And I know that having someone to love might release some of my stress, but I just genuinely can’t see myself loving someone. Every time I get emotionally close to someone, I feel consumed with this need to push them away. Also, in this day and age, it is increasingly hard to be a virgin in a relationship. Especially if you don’t plan on losing your virginity anytime soon. But that’s a whole other blog post.

I think at this point in time, I am just confused. Love is confusing. Everyone around me seems to be on the prowl for their future husband. Or for their next lay. But either way neither of those things interest me. And I know everyone says that I will find love when I’m ready, but what if I am never ready?

What if love just isn’t for me? What happens then? Am I destined to live a life that is akin to every Tina Fey movie ever where everyone around me thrives and finds love and I funnel my entire life into my job because it is my only sense of purpose? Seriously, what happens?

Society acts like a woman’s only purpose is to fall in love and have children. But what about the women that are happier being single? Do I have no purpose anymore?

I wish I could find the answers to my questions. But it’s not like you can just go online and say “Hey Google, I am a coldhearted idiot who seems to be incapable of loving. Fix me!”

So, that’s why I’m writing this. Is there anyone else who is eternally single too? Did someone think that they were destined to be single forever but then their soulmate came in and changed everything? Should I try to force myself into dating even though I hate it?

Seriously, what am I supposed to do?

Woes of a Child Prodigy

They told me I was smart, they told me that I was destined for greatness. All because I bubbled in correct answers on a standardized test. I understand that she said those things to motivate me, to push me onto the correct path. But all she really did was put an obscene amount of stress on a child’s shoulders. My teachers, family, and classmates looked at me like I was ‘advanced,’ and I believed it. I took every word that she said to heart and tried to be the prodigy that she painted me out to be.

But what she forgot to forewarn me of is that every human inevitably has to fail.

When I was six years old, I was pulled out of my math class and was told that I was ‘special.’

They talked about my subpar test scores, and for the first time in my life I had the mentality that I was supposed to be perfect drilled in my head. My teacher spoke to me in words that were too large for my young self to fully understand, but I walked out of her small office with an entirely new outlook on life.

They told me I was smart, they told me that I was destined for greatness. All because I bubbled in correct answers on a standardized test. I understand that she said those things to motivate me, to push me onto the correct path. But all she really did was put an obscene amount of stress on a child’s shoulders. My teachers, family, and classmates looked at me like I was ‘advanced,’ and I believed it. I took every word that she said to heart and tried to be the prodigy that she painted me out to be.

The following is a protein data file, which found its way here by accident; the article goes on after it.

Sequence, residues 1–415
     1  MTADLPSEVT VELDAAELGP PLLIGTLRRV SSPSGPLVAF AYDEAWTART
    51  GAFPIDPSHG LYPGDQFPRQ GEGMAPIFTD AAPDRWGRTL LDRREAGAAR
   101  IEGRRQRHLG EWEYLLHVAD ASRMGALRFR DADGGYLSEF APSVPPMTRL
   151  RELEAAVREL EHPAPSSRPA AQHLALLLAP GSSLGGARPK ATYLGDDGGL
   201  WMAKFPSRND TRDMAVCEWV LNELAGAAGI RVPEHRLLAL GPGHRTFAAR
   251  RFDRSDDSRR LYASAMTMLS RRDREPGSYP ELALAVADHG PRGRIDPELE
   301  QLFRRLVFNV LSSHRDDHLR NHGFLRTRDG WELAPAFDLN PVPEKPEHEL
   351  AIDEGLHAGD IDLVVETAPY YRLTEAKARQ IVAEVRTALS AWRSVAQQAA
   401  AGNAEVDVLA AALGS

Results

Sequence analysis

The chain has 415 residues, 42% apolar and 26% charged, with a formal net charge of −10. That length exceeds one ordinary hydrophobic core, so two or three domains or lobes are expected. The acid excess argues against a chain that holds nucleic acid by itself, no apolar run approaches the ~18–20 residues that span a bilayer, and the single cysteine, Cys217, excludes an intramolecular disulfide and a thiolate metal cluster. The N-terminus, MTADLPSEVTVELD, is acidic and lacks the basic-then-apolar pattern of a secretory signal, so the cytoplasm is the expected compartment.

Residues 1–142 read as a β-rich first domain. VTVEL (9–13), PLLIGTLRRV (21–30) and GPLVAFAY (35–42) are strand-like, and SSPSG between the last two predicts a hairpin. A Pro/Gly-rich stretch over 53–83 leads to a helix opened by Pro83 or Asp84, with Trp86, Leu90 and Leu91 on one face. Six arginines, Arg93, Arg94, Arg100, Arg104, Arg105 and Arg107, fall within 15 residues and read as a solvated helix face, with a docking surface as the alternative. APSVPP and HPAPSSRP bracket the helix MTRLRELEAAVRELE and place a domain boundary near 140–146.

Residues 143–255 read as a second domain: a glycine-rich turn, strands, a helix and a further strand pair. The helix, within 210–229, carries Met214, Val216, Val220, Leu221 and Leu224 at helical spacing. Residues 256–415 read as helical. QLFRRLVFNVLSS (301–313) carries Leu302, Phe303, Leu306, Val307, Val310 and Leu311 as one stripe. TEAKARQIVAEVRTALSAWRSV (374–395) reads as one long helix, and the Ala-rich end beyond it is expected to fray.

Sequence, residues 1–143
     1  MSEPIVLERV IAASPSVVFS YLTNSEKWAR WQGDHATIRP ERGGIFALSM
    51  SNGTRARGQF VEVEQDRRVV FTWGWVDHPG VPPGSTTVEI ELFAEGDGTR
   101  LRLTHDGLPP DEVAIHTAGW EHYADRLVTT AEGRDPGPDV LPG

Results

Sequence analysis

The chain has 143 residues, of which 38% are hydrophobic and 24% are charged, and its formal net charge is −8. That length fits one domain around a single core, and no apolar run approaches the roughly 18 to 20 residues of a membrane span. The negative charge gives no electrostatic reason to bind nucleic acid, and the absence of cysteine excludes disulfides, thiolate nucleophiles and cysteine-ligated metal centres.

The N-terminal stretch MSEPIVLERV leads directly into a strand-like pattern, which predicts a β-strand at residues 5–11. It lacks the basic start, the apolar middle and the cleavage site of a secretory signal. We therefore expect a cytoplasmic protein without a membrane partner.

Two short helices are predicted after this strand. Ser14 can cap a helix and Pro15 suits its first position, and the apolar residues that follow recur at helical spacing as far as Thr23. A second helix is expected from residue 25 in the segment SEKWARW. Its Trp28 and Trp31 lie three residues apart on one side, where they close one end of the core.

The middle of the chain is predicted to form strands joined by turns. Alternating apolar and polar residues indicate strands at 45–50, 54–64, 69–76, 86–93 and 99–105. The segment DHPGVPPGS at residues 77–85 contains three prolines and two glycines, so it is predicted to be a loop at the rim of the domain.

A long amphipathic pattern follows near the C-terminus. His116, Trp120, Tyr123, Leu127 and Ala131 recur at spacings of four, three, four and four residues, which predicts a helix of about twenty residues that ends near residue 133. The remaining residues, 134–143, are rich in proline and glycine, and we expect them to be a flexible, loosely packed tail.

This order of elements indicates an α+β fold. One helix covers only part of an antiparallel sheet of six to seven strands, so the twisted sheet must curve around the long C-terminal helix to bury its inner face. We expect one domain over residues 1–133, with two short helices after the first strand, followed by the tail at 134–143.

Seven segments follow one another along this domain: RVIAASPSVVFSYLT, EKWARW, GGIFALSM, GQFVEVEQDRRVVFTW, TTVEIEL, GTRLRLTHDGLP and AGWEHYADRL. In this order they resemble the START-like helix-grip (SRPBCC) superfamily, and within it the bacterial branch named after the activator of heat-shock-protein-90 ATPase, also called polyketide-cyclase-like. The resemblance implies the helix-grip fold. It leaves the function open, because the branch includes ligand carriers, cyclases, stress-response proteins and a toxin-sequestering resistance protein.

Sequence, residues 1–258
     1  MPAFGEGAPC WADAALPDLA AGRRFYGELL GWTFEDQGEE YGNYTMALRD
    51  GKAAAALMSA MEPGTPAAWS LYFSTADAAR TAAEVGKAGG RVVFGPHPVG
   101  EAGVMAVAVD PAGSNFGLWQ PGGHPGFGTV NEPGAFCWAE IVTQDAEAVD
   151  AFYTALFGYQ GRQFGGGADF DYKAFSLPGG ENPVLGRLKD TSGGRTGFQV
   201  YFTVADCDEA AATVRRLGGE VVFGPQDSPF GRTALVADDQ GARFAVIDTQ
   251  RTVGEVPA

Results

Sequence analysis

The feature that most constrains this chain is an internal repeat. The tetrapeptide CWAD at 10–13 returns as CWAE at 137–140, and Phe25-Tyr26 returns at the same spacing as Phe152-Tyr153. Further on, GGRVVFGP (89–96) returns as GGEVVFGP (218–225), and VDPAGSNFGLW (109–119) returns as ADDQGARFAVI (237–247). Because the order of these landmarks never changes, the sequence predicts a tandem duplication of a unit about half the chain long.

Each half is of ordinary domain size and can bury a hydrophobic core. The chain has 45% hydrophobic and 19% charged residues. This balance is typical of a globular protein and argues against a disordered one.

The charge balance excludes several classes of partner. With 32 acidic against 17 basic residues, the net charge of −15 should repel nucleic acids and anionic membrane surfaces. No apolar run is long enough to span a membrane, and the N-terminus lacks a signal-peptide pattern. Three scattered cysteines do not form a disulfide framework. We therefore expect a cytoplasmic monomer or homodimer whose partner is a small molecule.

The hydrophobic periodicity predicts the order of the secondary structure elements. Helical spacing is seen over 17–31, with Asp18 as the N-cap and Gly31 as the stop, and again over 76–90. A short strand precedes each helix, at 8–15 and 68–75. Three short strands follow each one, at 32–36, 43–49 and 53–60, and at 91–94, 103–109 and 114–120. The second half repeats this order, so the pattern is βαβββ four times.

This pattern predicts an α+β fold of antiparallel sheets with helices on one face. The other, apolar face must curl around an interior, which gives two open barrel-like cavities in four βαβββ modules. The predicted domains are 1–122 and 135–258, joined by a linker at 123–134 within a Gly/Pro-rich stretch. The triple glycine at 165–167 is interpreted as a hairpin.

But what she forgot to forewarn me of is that every human inevitably has to fail.

Everybody screws up, that is just part of life. But when you are told from a very young age that you are special and above average, failure simply does not seem like an option for you. Any grade that is not a hundred makes you feel like you should be doing more. Any question that you might have should be left unsaid because it is expected of you to understand everything at a faster rate than everyone else. This mentality of expecting for yourself to be better than you actually are makes you spiral quickly into failure.

And when you fail, it feels like you are doing more than just failing yourself. You feel like you have let down your parents, your teachers, and your peers. It’s a harsh fall from superiority to realizing that nothing about you makes you any more special than anybody else. And while it does help you gain perspective about life that every person has something that makes them special in some way, it can still hurt you greatly.

The transition from knowing that you are something special to realizing that you are nothing has caused for an increased spike in teenage depression in the past few years. This flawed system of dividing kids at a young age due to their academic performance has created an environment that builds stress for children on both sides of the spectrum.

Why was there never a lesson where the teacher explained that every person has the capability to be extraordinary, and that academics is not the most important aspect of one’s personality? When will we not feel confined to the labels we were given at a young age?

Being a child prodigy was not easy, especially now that I am an average student at best. But being on the opposite side of the spectrum was not easy for those students either. I get aggravated with myself for not living up to everyone else’s expectations, but I know on the other side that the ones who were labelled as below-average are proud of themselves for not confining themselves to the expectations they had years ago.